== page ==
Thesis

Developing natural Japanese: communication styles and situational construal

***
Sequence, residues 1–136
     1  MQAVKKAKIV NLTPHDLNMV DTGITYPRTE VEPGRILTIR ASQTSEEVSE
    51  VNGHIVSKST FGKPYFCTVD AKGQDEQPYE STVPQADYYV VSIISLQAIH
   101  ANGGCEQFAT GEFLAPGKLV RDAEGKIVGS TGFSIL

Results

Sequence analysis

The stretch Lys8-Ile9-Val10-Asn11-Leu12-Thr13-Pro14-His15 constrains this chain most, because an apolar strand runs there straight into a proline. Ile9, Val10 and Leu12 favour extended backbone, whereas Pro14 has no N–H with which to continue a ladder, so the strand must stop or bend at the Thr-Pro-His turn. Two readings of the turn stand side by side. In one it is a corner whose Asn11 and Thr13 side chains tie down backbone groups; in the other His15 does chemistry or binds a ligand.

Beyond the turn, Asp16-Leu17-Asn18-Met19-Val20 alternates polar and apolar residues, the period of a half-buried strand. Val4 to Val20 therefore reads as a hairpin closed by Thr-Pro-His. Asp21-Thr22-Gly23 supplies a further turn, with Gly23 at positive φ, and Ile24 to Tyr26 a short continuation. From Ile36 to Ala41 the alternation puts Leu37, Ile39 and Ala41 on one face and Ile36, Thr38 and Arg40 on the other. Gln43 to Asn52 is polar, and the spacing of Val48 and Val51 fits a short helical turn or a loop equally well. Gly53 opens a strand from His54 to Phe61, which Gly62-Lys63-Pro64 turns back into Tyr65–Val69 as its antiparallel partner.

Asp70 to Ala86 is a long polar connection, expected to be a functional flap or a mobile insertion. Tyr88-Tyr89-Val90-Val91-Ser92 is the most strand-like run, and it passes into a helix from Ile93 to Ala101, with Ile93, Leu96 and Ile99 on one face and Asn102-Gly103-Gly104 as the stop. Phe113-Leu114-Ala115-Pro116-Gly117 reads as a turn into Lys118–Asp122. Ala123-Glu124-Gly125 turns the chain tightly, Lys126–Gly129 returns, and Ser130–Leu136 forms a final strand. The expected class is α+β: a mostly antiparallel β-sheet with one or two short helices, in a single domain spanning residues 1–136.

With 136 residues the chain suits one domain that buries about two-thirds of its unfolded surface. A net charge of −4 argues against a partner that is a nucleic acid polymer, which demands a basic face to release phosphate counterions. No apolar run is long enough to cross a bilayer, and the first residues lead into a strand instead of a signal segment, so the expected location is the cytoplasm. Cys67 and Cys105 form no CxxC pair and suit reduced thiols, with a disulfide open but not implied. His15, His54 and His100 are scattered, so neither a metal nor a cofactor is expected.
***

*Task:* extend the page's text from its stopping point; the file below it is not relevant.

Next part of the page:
The Japanese language is often described as subtle and vague by non-native Japanese speakers. Even simple Japanese sentences can cause difficulty for non-native Japanese speakers. One reason for this difficulty may be differences in the cognitive process of verbalization. Specifically, there are different roles for speakers and listeners in Japanese and English. Unlike English, native Japanese speakers prefer using monologue type communication that often omits subjects and objects. Thus, non-native Japanese speakers have difficulty decoding native Japanese communication. In addition, non-native Japanese speakers lack knowledge about how native Japanese speakers capture and verbalize certain situations. A textbook analysis reveals that three current Japanese textbooks do not adequately address these two important cognitive linguistic differences between Japanese and English. Without proper explanation and application of these cognitive linguistic concepts, developing natural Japanese is difficult.

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